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New Zealand Plumbers, Drainlayers & Gasfitters Association Inc

New Zealand Plumbers, Drainlayers & Gasfitters
Association Inc

Latest News / TOP TECH TIP - BUILDING CONSENTS REQUIRED

TOP TECH TIP - BUILDING CONSENTS REQUIRED

It is an increasing problem for Auckland Council (and other territorial authorities) where significant drainage and plumbing work is being undertaken without a building consent. Many fully qualified tradespeople are claiming they did not know consent was needed, claiming ignorance of the requirements. As a reminder, the definition of Building work in the Building Act includes both the design and installation of plumbing, drainlaying and gasfitting, except that gasfitting is exempted from the requirement to obtain a building consent provided an energy work certificate is issued. There are still two Building Code clauses covering gasfitting, which must be complied with under the Building Act, for which councils are responsible.

It is generally illegal to do building work without consent.

Certain (minor) works can be done without consent, but must be done by a qualified and licenced person, and must meet the requirements of the Building Code. This exempt work is detailed in Schedule 1 of the Building Act, and Part 2 spells out very clearly what plumbing and drainage (done by an authorised person) is permitted without consent.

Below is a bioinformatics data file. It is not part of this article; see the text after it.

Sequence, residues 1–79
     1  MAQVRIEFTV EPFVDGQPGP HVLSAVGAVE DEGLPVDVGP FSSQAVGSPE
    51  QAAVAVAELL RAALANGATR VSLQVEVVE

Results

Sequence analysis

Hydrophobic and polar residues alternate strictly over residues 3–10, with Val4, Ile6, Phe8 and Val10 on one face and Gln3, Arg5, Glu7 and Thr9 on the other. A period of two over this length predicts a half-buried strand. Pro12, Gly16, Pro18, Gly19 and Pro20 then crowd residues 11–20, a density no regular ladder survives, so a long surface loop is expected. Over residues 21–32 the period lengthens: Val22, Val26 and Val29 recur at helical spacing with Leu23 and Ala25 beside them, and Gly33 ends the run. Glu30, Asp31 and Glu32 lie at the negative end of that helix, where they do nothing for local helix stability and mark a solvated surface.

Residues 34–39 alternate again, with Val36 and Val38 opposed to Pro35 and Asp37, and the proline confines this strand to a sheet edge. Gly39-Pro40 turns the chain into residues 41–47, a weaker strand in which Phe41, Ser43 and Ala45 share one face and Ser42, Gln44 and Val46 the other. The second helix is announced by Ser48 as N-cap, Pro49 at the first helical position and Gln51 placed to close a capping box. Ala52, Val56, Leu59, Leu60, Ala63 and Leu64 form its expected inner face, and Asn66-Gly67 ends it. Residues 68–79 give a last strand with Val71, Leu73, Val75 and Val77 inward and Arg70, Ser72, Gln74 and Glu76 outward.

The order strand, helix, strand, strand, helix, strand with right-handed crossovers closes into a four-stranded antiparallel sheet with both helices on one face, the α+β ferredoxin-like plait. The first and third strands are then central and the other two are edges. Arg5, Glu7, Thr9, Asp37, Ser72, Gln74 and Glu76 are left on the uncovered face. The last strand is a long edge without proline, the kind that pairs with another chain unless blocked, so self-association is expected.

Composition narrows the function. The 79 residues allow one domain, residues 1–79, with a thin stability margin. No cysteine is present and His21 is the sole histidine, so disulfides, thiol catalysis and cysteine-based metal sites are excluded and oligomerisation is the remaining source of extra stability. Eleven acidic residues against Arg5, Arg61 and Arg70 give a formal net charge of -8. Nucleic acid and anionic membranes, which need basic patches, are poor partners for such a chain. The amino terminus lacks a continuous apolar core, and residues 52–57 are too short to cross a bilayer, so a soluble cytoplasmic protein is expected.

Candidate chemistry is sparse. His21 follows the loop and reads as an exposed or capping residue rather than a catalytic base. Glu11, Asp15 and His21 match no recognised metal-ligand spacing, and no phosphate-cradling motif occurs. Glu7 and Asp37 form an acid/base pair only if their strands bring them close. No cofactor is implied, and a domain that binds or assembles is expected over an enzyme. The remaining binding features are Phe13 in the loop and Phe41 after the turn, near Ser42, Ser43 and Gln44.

I do not intend to use this article to explain what these exemptions entail. You should make yourself familiar with these details, it is your responsibility.  Instead I wish to give some advice, in the way of a warning.

Council is currently being almost overwhelmed by a continuous stream of illegal building conversions, where garages, basements or garden sheds from Mitre 10 or Bunnings are being let out to families as permanent accommodation. Most have some sort of plumbing, drainage or gasfitting installed, and only very rarely is a consent obtained for the work.

A great proportion of this work is substandard, and while some of it is obviously done by the owner or a friend, most would appear to be done on the cheap by qualified people. 

Strangely, when asked about who did this work, the owner suffers a terrible case of they can’t remember, and they have almost always lost the “cash” invoice. Until now very few people have been prosecuted for this illegal work due simply to the amount of work involved with uncooperative homeowners.  

I can advise that the days of tolerating this are about to end, an processes are being developed where an automatic prosecution will take place whenever unconsented building work is undertaken involving sanitary plumbing, drainlaying or gasfitting. If we can identify the person, a formal complaint will be laid with the PGDB, and if not section 125 of the PGD Act 2006 will be used to prosecute the owner.

125 Other offences

(1) Every person commits an offence and is liable on conviction to a fine not exceeding $10,000 who—
 
(b) Knowingly permits or pays any person to do any sanitary plumbing or drainlaying in breach of section 8 or 10;

(2) Every person commits an offence and is liable on conviction to a fine not exceeding $50,000 in the case of an individual, or
$250,000 in the case of a body corporate, who—
 
(b) Knowingly employs, permits, or pays any person to do any gasfitting in breach of section 9;
 
I would stress the requirement for licenced tradespeople to ensure that consent is obtained before starting work on any sanitary plumbing or drainlaying, and to ensure the appropriate gas certificates(s) are issued for gasfitting work.
 
Ignorance of the rules is no excuse for not following the rules, but is a very good argument that the person should not be registered.


 
Senior Specialist- Building

Targeted Initiatives Team
Licencing and Regulatory Compliance
Auckland Council
 
Garry Cruickshank




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